by A.J. Caschetta
In an era when saying the wrong thing, deemed offensive by someone, can end a career, social justice warriors always seem to get a pass. Few have received more than Linda Sarsour, a Muslim self-styled “feminist” who supports a political system that systematically represses women, celebrates child warriors on social media, and once tweeted of two ideological foes, “I wish I could take away their vaginas – they don’t deserve to be women.”
The more Sarsour offends, the more she is celebrated. Barack Obama honored her as a Champion of Change. Today she will give the keynote address at the City University of New York’s (CUNY) School of Public Health graduation ceremony.
Sarsour’s endorsement of sharia law and leadership in the anti-Israel Boycott, Divestment, and Sanctions (BDS) movement should have made her an unfit candidate to address graduates of any educational institution even if she weren’t a social media provocateur. Ayaan Hirsi Ali, one of the women whose vagina Sarsour wants to confiscate, calls her a “fake feminist.” Brigitte Gabriel, the other woman, calls Sarsour a “master manipulator” successfully swaying “the gullible women’s movement.”
Ariel Behar of IPT News wrote that Sarsour specializes in trying “to shut down those who cite her record of celebrating terrorists and advocating radical positions by calling the critics Islamophobes.” Sarsour is also a conspiracy theorist, endorsing, for instance, the bizarre view that failed “underwear bomber” Umar Farouk Abdulmutallab was “a CIA agent.”
Sarsour’s defenders claim that her views stem from anger and “should come as no surprise for a Palestinian-American;” after all what she really opposes is “right-wing Zionism.” Sarsour has said that Zionists – including the vast majority of Jews – can’t be feminists. She didn’t say only “right-wing Zionists” can’t be feminists.
Why would the CUNY want to showcase someone who, as Daniel Pipes documents, has such a “long record of incompetence, extremism, vulgarity, and eccentricity”? Dov Hikind, a Brooklyn Democrat in the New York Assembly, says “it’s just nuts. It makes no sense. It’s crazy to have this woman be the person who’s going to speak to the students.”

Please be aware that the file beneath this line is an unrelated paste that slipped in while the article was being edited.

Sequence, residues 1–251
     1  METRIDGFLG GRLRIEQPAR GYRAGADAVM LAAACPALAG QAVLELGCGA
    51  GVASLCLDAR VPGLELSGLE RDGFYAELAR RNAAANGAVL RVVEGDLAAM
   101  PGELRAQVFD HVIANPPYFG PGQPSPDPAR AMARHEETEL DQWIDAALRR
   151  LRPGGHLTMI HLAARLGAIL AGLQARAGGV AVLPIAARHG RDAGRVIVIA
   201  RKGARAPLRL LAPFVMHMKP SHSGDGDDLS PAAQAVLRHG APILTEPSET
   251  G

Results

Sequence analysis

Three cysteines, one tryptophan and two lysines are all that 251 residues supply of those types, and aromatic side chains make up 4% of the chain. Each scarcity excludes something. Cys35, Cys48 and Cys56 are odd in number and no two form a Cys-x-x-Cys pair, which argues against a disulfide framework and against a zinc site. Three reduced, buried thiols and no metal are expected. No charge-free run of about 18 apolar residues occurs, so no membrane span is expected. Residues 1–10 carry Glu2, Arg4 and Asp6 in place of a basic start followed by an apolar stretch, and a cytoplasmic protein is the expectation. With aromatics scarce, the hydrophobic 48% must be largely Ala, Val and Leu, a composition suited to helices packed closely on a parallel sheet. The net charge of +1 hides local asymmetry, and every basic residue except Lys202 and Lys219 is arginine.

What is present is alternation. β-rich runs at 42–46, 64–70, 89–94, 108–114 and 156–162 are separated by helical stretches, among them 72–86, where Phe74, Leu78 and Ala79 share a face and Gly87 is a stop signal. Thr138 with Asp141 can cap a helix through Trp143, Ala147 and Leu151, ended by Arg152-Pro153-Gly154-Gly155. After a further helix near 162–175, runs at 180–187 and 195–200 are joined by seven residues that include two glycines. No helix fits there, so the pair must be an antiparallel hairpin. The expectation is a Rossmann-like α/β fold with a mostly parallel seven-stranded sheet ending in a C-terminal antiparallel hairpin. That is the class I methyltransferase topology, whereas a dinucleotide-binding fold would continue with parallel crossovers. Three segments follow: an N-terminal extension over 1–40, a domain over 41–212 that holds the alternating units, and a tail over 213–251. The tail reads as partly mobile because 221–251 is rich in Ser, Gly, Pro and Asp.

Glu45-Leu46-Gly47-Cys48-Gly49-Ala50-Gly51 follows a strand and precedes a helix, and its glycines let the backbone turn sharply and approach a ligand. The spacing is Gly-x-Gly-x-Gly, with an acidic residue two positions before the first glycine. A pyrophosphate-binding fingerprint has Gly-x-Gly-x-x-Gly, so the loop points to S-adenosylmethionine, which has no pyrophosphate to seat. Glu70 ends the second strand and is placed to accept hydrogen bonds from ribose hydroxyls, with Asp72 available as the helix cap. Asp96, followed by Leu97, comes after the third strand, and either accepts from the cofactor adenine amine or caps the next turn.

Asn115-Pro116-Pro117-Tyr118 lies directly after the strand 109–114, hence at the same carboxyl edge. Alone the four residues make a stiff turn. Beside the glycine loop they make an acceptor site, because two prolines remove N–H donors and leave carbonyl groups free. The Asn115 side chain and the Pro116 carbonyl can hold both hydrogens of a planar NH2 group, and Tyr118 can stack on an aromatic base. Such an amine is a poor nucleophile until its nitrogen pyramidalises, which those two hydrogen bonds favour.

In an effort to explain, CUNY Chancellor James B. Millikin released an April 26 statement saying that while the views Sarsour “reportedly” has on Israel are “anathema to the values of higher education,” forgoing a commencement speech by Sarsour “would conflict with the First Amendment and the principles of academic freedom.”
Much the same argument was made by five CUNY professors in a spirited but sophomoric defense of Sarsour’s right to speak at the academic blog InsideHigherEd. Two of the five, Meena Alexander and Rosalind Patchesky, are known for their anti-Israel activism.
But these arguments conflate and grossly misunderstand free speech and academic freedom.Which speakers a university, even a public one, invites to deliver commencement speeches is not a First Amendment issue. This is not a matter of deciding whether to allow this or that student demonstration or campus guest lecture to take place; it’s a formal endorsement, not of what the speaker says, but of the speaker’s qualifications and ability to inspire an audience. Of course Sarsour has a First Amendment right to her anti-Zionism and even to her anti-Semitism. But CUNY does not have a First Amendment obligation to honor her or provide a platform for her.
Academic freedom is another thing entirely. Sarsour is not a CUNY faculty member, or even an academic. Even if she were, her academic freedom would only be violated if Millikin tried to influence the content of her teaching.
Those who cite Columbia University’s hosting of a lecture by Iranian president Mahmoud Ahmadinejad as a precedent are missing the point entirely. Having a morbid intellectual curiosity perform live for the benefit of scientific observation is one thing. Inviting one to give parting words of advice to your student body is another thing altogether.
If Millikin really found Sarsour’s support for BDS (no need for the qualifier “reportedly”) “anathema to the values of higher education,” as Chancellor, he could have easily overridden her selection. This is what likely happens all the time in nearly every academic institution when someone suggests a conservative speaker be invited.
The problem, most likely, is that Sarsour received far more faculty support than any conservative who ever made it past the first round of nominations at CUNY.
If university administrators want to wilt under pressure and allow this kind of spectacle to take place, they should at least find the courage not to cite the First Amendment and academic freedom as the reasons.
A.J. Caschetta is a Shillman-Ginsburg fellow at the Middle East Forum and a senior lecturer at the Rochester Institute of Technology.